We refer to our comments at question 8 above in respect of unregistered insurers; we reiterate our view that relatively speaking, the Indirect Tax loss in both scenarios is likely to be relatively low.
As a result of this, to impose a requirement on policyholders (or any other party) to account for IPT where the provider of the insurance products fails to do so, would appear to be disproportionate and unfair.
We are not in a position to comment on the extent to which this would create an additional administrative burden for businesses.
In short, in our view imposing a requirement for the policyholder (or any other party) to account for any IPT for which the underwriter has failed to account is disproportionate to the risk which actually exists in this regard.
Question 12: Would brokers welcome the facility to pay for an IPT liability under limited circumstances?
See response to question 11 above.
Question 13: Would a facility for brokers to settle an insurer’s IPT liability discourage overseas insurers from registering for IPT and place an additional administrative burden on brokers?
We reiterate our comments above. In addition, in our view, it is usually a misunderstanding of the location of risk, as opposed to a deliberate attempt to underpay UK IPT which would result in overseas insurers underpaying UK IPT on UK risks. It is therefore difficult to see how this measure would per se, discourage overseas insurers from registering for UK IPT.
Question 14: Are there any other areas relating to unfair outcomes or the administration of IPT which you believe HMRC should consider as part of this call for evidence?
In our view, brokers are frequently disadvantaged by the commercial and logistical operation of IPT. In this regard, we believe that the following issues should be considered:
- As set out above, it is the broker which generally bears at least part of the cost of IPT. This is something of which policyholders are not aware – with the misconception often being that it is the policyholder which bears the IPT cost. As a result, in the interests of transparency, we believe that there should be a legislative requirement to identify the party which actually bears the IPT cost in the policyholder documentation - although we do accept that the significant additional administrative burden created may preclude such a measure.
- Likewise, where there has been an overpayment of IPT, the broker is in the hands of the underwriter; if the underwriter is not willing to submit an IPT claim the broker must resort to contractual measures to recover any overpaid IPT.
In our view therefore, the broker should be entitled to submit the claim directly to HMRC and if they wish, to seek rulings directly from HMRC. This would also mean that making such claims/seeking such rulings would be far less burdensome for the underwriter.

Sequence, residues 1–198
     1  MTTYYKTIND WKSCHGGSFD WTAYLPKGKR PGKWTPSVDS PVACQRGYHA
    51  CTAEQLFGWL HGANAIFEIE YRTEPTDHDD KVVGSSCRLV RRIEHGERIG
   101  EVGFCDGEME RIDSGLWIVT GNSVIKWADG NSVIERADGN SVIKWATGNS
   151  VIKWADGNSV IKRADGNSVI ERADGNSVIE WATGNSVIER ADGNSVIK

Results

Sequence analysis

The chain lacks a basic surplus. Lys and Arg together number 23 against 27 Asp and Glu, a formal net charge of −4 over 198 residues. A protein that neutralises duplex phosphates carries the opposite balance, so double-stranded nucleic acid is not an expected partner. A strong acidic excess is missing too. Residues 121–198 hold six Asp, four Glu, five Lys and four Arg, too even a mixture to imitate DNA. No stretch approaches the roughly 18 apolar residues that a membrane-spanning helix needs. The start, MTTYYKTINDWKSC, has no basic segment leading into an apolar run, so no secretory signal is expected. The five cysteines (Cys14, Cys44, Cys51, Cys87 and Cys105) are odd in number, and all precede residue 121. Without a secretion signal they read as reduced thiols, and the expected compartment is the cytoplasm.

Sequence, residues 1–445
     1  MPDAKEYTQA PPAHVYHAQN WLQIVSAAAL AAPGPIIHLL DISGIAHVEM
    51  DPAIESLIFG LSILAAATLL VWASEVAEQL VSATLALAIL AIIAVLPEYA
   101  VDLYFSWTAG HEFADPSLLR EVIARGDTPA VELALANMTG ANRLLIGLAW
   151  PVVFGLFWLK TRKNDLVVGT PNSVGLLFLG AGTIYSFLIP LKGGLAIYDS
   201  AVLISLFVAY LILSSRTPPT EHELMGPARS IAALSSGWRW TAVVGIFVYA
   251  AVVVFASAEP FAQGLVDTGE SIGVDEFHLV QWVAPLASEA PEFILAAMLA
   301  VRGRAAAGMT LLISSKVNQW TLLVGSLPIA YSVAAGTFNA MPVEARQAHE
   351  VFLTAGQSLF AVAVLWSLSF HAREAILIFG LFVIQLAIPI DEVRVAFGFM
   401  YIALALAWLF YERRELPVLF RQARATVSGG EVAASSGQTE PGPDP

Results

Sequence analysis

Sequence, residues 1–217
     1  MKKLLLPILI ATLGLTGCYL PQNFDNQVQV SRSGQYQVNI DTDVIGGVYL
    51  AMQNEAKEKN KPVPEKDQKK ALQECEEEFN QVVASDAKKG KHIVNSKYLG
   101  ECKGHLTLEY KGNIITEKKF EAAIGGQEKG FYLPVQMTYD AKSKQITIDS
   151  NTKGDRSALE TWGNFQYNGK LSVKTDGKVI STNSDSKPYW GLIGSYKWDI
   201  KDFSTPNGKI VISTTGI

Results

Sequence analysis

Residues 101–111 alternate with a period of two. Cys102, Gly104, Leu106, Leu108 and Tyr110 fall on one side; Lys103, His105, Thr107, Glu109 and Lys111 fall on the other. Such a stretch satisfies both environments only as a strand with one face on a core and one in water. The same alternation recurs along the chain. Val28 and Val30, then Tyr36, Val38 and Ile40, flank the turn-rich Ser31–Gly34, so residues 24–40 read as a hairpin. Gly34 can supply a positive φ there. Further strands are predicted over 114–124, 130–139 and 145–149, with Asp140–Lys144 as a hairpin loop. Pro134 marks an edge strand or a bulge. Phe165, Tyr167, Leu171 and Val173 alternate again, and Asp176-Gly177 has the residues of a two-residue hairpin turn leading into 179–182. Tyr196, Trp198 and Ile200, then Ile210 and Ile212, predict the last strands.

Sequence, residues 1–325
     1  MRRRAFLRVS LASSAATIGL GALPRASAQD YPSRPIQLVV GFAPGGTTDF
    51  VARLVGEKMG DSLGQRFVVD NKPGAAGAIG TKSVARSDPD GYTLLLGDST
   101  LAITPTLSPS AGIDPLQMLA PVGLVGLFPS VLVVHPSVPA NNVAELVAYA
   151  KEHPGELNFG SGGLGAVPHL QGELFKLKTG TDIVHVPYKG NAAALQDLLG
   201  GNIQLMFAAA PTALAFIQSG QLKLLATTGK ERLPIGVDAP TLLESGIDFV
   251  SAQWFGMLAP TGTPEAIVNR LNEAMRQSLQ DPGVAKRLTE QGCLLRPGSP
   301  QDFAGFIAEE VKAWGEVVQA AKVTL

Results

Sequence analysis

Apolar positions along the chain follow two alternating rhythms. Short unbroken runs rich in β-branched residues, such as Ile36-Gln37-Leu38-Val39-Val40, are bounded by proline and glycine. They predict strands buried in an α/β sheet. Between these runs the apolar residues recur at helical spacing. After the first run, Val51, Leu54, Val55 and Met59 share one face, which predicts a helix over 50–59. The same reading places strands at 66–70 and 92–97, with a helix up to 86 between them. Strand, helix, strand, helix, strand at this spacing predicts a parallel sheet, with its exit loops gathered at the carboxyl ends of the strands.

We accept that if such measures were implemented, it may also be necessary to implement legislation enabling HMRC to assess brokers (as opposed to insurers) for underpaid IPT in certain circumstances – for example, where the broker has treated amounts received as outside the scope of IPT on the basis of the 'unbundling' legislation (s.72(1)(A) Finance Act 1994), but has not implemented the correct contractual documentation.
Question 15: Are there any issues not mentioned above that the government should take into account as part of this review?
The focus of this review appears to be on HMRC’s perception that there are a number of areas where IPT avoidance, or even evasion, is present.
We are somewhat surprised by this approach; we consider that while there is a risk of IPT loss through genuine errors, the risk of IPT loss through avoidance or evasion is low – particularly when compared with certain other taxes.
In short, in our view, the consultation should focus on factors such as transparency around the party which bears the IPT cost and the logistical difficulties encountered by brokers in relation to IPT.
Question 16: Are there any further options or suggestions to tackle the concerns raised above that you would like the government to investigate further?
No further comments.
Question 17: Do you have any further comments?
No further comments.
IPT is a complex and unusual tax in that while it is the underwriter which is usually the 'taxpayer' for IPT purposes, it is generally the broker which bears at least part of the cost of the IPT.
While, from our experience, it is not an area where we have identified significant amounts of avoidance and evasion, it is one where there are a number of fundamental misunderstandings as to the logistics of the tax.
We would like to see:
- More transparency in policy documentation as to the party which is bearing the cost of IPT.
- Brokers being given the ability to claim overpaid IPT directly from HMRC and to seek rulings directly from HMRC.